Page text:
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Small Business Innovation Research (SBIR) and Intellectual Property Rights

What is SBIR and who is eligible?

The Small Business Innovation Research (SBIR) program is a federal program open to small businesses.  SBIR encourages domestic small businesses to engage in research and development with the potential for commercialization through a competitive awards-based program.  The program is structured with multiple phases and funding tiers.

While the overall program is administered by the Small Business Administration, the awards are overseen by individual federal agencies.  The award will include a funding agreement (a contract, grant, or cooperative agreement) entered into between the participating federal agency and the business for the performance of research, experimental, or developmental work.  Each award can vary somewhat in the specific rights and requirements. 

The SBIR program requires participants to be for-profit businesses, with a place of business in the United States.  The business must have more than 50% ownership by US citizens or permanent resident aliens or another small business (controlled by citizens/permanent resident aliens) and have no more than 500 employees.  For more information about eligibility, please see the SBIR Eligibility Guide (https://www.sbir.gov/sites/default/files/elig_size_compliance_guide.pdf)

What protection is available for inventions and data generated under a SBIR contract?

Under the terms of the SBIR program, businesses own their own data and intellectual property.  The government does not take an equity stake for the grant.  The SBIR contract affords businesses certain rights to intellectual property, data, and software produced under the SBIR agreement, but there are steps that businesses need to take under the SBIR contract to perfect their rights. 

Rights in technical data, including software, developed under the terms of the SBIR contract generally remain with the business.  The government obtains a royalty-free license to use such technical data for government purposes during the period commencing with the contract award and ending (at least) four years after completion of the project under which the data were generated. Upon expiration of the four-year restrictive license, the government may have rights in the SBIR data to use, modify, reproduce, release, display, or disclose the data. Also, during the period of the restrictive license, the Government may not release or disclose SBIR data to any person other than its support services contractor unless it is for evaluation purposes;  expressly permitted by the business; or a use, release, or disclosure of information that is necessary for emergency repair or overhaul of items operated by the government.

Can I Get Patent Protection for Inventions Produced under the SBIR Program?

Inventions produced under the SBIR program may be patented.  However, it is important to check the terms of the contract to determine the business’ specific rights and obligations.   The government will not make public any information disclosing the inventions, which allow businesses time to file a patent application.  Businesses may retain the principal worldwide patent rights to any invention developed with government support. The government, however, receives a royalty-free license for its use, reserves the right to require the patent holder to license others in certain limited circumstances, and requires that anyone exclusively licensed to sell the invention in the United States must manufacture it domestically.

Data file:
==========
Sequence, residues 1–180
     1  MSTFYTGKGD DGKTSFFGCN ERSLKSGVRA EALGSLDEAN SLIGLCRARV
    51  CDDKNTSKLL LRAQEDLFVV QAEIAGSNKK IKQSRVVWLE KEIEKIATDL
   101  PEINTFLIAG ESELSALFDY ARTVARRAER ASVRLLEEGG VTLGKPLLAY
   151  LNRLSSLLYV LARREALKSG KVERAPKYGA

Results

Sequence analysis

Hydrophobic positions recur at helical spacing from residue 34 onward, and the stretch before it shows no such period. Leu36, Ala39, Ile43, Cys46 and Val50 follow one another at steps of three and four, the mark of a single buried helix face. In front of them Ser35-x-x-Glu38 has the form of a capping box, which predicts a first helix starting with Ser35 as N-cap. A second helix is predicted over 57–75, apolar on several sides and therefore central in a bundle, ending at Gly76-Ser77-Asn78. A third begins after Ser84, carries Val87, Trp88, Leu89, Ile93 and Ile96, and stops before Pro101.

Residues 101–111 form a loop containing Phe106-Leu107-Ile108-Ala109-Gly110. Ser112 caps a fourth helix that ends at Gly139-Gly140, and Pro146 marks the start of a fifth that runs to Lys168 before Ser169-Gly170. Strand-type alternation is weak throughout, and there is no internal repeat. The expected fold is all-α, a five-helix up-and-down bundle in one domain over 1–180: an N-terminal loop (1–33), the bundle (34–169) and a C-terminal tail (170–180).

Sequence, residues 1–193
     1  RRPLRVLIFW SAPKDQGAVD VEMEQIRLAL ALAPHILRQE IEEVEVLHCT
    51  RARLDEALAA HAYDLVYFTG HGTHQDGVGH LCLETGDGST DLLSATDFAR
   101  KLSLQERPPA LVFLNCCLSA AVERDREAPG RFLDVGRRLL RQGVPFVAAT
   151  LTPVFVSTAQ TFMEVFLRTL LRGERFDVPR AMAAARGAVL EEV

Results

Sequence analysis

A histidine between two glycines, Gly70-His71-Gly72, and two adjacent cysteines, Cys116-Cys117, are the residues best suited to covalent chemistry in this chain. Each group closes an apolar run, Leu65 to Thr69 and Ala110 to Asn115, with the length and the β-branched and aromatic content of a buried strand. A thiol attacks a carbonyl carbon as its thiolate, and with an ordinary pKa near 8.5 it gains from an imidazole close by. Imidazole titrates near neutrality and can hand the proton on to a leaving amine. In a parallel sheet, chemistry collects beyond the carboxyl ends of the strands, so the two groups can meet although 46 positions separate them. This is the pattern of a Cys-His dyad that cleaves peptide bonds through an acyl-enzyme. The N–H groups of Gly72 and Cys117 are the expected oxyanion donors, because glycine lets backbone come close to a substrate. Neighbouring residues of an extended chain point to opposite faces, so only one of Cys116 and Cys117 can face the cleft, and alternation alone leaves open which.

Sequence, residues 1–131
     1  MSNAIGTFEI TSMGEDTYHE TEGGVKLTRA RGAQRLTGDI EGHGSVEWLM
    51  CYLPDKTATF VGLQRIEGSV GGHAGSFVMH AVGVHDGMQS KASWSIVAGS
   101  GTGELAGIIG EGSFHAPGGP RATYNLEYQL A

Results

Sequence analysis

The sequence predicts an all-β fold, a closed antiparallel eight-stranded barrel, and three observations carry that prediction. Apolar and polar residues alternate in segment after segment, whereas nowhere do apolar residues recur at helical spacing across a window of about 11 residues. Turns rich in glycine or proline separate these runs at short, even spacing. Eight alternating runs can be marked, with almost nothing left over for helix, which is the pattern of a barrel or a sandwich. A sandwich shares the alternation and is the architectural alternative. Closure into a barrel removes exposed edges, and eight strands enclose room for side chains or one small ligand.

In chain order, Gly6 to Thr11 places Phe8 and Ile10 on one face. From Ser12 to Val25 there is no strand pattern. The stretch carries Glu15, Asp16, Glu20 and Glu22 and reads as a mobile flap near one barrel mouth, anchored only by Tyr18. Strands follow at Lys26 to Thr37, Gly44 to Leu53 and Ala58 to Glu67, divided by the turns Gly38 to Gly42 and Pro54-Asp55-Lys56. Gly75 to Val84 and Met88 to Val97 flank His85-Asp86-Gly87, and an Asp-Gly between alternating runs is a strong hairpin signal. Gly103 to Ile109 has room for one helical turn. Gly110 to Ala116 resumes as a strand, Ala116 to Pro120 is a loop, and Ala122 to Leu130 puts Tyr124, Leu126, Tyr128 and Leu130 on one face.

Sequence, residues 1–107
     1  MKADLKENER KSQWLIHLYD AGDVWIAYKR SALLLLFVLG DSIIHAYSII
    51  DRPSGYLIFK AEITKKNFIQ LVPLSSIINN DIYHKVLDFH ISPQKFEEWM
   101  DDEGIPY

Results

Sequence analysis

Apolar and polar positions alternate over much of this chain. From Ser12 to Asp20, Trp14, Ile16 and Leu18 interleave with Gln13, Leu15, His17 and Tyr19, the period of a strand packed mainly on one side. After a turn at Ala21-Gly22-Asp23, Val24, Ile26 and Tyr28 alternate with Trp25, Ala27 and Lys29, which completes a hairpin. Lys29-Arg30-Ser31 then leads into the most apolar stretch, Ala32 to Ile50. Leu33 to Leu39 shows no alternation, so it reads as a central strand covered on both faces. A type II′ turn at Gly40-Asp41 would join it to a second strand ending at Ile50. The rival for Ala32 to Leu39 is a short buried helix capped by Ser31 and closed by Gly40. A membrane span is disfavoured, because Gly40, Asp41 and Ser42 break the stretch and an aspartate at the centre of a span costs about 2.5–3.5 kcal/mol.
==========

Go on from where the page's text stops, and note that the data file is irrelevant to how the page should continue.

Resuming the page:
What steps does a business need to take to fulfill its obligations with respect to developed inventions, data, and software under the SBIR contract?

Generally, under the SBIR contract, businesses must disclose all inventions developed in the performance of the contract to the granting agency within two months of being informed of the invention by the inventor.  Many federal agencies request that businesses report inventions to the agency through the Edison Invention Reporting Systems at www.iedison.gov.  Once disclosed, the business has up to two years to decide whether to elect title and file a patent application. If the business fails to do so within the two-year time period, the government may have the right to obtain title. 

Additionally, any data given to the government that the business wishes to retain rights in must be marked that it is subject to restriction. The required marking includes information about the award and a notice indicating that rights remain in the deliverable.  This marking should be placed on both physically printed material and digitally transmitted material.

Finally, when filing a patent application, businesses must include a statement about government license rights to contractor owned inventions in the patent application’s specification.

Conclusion

The SBIR program can be an incredible opportunity for small businesses to receive government funding.  However, businesses should be aware of the additional obligations on awardees of SBIR contracts/grants, particularly regarding intellectual property rights.  Deciding whether to patent or what to patent can be complicated.  We recommend speaking with a patent attorney to help you weigh your options when protecting your business’ intellectual property.

At Wang Hardoon P.C., we take the time to learn your technology and business objectives to obtain valuable intellectual property.  Schedule a free consultation with David Hardoon, a Patent Attorney at Wang Hardoon (wanghardoon.com) to discuss your business strategy and inventions.

 

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Small Business Innovation Research (SBIR) and Intellectual Property Rights
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